In the same year that NASA commemorated the 50th anniversary of the Apollo 11 moon mission, it’s only fitting that one of the most spectacularly realistic portrayals of space is brought to life on the big screen. Brad Pitt is utterly captivating in this pensive existential tale, which will undoubtedly divide viewers. Yes this film isn’t for everyone; the focus on the technical feat over a narrative driven approach will definitely alienate some, yet it’s undoubtedly a breathtaking, if somewhat pretentious, piece of cinema.
Directed by James Gray, Ad Astra follows astronaut Roy McBride (Brad Pitt) on his classified mission across the solar system in search of his long lost father, revered astronaut Dr Clifford McBride (Tommy Lee Jones) and the truth behind the doomed project Lima. Following a series of disastrous electrical surges that threatens life on Earth, U.S. intelligence believe the source of the energy originates from Neptune and Clifford’s search for artificial intelligence, entrusting Roy to seek his father and destroy the origin of the surge to save humanity.
Gravity, First Man and now Ad Astra all follow in a similar vein; the films are all deep psychological studies into each protagonist, exploring themes of survival and loneliness throughout their journeys. Director Gray favours drama and exploration over the sci-fi elements of the genre, delving into the central father-son relationship and how “sons suffer the sins of fathers” as explained through Pitt’s pensive and melancholic monologuing. The age old question of whether we’re truly alone in the universe is also at the film’s core. It’s deep, soul searching stuff, set against the backdrop of space, which really does have you gripped right till the very end. But unfortunately for me, that end ultimately fell short of expectations.
Gosling’s Armstrong and Pitt’s McBride in particular share a stoic, detached nature, reflective of the occupation. This really is one of Pitt’s finest performances, the transformation he undergoes is truly impressive. McBride is the best of the best; his heart rate never rises above 80, keeping his focus and composure on the mission throughout each extreme scenario. Yet the closer he gets to Pluto and the fact that he might be reunited with his long lost father completely changes him, emotion starts to creep across his once calm face as he has to face his personal demons. The effects of his father’s abandonment, his one real childhood hero, has been felt ever since, particularly in his failed relationship with with Liv Tyler’s Eve McBride (once again very underused), due to his emotional distance and brooding detachment. Legacy and toxic masculinity join the ranks of themes explored in the affecting third act of the film.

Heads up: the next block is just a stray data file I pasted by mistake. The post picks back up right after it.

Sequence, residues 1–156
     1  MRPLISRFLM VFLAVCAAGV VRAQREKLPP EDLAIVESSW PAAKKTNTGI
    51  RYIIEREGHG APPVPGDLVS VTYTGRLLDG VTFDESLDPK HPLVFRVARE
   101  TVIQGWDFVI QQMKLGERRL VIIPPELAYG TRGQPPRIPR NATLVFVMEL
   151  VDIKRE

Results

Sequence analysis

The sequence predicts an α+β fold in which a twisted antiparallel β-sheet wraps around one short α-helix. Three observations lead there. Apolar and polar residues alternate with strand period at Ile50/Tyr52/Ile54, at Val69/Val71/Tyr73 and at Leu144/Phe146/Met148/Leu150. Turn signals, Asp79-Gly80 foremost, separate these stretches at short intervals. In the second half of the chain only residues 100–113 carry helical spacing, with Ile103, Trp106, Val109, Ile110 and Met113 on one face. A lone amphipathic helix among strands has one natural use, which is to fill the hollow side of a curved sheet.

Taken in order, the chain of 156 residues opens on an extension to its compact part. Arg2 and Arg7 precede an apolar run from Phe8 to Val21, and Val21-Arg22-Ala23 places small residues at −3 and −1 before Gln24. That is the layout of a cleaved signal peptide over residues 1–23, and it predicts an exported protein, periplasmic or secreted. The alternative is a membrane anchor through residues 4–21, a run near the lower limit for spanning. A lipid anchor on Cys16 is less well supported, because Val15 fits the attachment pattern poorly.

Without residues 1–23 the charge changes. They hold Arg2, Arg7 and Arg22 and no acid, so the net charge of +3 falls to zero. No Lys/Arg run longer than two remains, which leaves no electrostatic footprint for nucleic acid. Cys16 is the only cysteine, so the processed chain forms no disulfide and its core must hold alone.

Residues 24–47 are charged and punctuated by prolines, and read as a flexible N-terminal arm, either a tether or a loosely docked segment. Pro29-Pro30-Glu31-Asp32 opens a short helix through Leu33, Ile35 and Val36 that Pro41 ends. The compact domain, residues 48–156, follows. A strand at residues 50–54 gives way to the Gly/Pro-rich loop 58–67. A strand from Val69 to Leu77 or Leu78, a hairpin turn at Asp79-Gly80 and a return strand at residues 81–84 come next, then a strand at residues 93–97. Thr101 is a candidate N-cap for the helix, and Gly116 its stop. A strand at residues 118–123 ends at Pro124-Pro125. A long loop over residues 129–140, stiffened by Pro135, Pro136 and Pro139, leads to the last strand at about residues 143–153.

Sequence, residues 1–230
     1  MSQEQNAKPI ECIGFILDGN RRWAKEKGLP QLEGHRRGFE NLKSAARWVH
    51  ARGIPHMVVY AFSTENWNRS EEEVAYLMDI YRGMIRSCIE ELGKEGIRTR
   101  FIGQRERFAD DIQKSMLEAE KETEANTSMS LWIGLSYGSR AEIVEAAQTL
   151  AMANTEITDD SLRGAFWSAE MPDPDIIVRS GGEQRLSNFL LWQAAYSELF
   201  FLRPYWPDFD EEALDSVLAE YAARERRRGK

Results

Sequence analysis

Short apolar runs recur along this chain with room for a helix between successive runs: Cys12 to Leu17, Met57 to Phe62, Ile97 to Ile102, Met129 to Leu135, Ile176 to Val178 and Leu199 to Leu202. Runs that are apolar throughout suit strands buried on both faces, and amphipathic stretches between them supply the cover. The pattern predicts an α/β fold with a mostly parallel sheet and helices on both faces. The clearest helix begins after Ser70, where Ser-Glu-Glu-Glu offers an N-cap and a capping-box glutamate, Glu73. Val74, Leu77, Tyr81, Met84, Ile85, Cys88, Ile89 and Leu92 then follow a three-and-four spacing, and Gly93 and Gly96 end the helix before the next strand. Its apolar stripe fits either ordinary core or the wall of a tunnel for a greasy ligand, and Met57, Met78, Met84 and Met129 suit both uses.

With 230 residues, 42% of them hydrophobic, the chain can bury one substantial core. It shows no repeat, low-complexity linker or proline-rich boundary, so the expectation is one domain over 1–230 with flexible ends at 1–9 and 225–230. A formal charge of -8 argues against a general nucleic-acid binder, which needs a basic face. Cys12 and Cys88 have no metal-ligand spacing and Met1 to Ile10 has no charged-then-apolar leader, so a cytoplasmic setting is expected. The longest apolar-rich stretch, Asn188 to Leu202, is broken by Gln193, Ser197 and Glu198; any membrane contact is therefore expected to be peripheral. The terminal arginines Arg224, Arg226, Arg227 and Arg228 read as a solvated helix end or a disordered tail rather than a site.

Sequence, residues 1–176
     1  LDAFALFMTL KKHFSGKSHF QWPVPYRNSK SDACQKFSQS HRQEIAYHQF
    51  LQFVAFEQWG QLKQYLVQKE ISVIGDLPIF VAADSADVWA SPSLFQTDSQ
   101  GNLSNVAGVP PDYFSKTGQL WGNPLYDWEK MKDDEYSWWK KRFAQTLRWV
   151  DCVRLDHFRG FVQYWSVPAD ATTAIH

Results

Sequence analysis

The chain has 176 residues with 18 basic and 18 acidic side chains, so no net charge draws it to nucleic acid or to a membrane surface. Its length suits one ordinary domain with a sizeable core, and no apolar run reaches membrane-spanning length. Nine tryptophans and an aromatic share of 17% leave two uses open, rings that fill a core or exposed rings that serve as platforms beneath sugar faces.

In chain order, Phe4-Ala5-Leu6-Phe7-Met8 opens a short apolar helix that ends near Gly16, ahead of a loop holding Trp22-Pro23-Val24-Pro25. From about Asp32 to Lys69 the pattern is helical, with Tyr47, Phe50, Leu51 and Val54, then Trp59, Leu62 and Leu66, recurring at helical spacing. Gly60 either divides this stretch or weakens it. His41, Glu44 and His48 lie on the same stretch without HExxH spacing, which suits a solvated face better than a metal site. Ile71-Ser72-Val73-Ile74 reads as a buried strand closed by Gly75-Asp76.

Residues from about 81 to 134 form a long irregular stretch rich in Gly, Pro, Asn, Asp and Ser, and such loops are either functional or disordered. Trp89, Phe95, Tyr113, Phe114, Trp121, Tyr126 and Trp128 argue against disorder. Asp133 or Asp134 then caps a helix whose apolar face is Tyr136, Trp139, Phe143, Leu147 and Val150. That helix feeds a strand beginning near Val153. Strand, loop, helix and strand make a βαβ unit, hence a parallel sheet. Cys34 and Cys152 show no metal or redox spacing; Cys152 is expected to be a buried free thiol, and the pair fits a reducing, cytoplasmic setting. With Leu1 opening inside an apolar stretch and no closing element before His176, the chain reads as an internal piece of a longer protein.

Existential and psychological notions aside, Ad Astra is possibly the most visually stunning spectacle I’ve seen in a while. There are a number of truly impressive action sequences, with the dizzying and explosive opening sequence, to the thrilling and deadly vehicle chase on the moon with space pirates. The film also doesn’t shy away from the terror of space, with a particularly tense and shocking scene standing out. I really do implore you to see this film on the biggest IMAX screen possible, it’s an impressively immersive experience thanks to the stunning (and almost Kubrickian) cinematography from regular Nolan collaborator Hoyte van Hoytema and a mesmerising score from Max Richter. I was completely and utterly transported into the terrifying yet beautiful depths of space.
Overall, Ad Astra is a visual cinematic masterpiece, yet considering the deep delve into themes such as life and legacies, it unfortunately doesn’t have all that much to say. It’s an ambitious film that’s all about the experience and journey, with the story taking a backseat in the closing sections. If you’re a fan of Interstellar and 2001: A Space Odyssey, this is definitely one for you.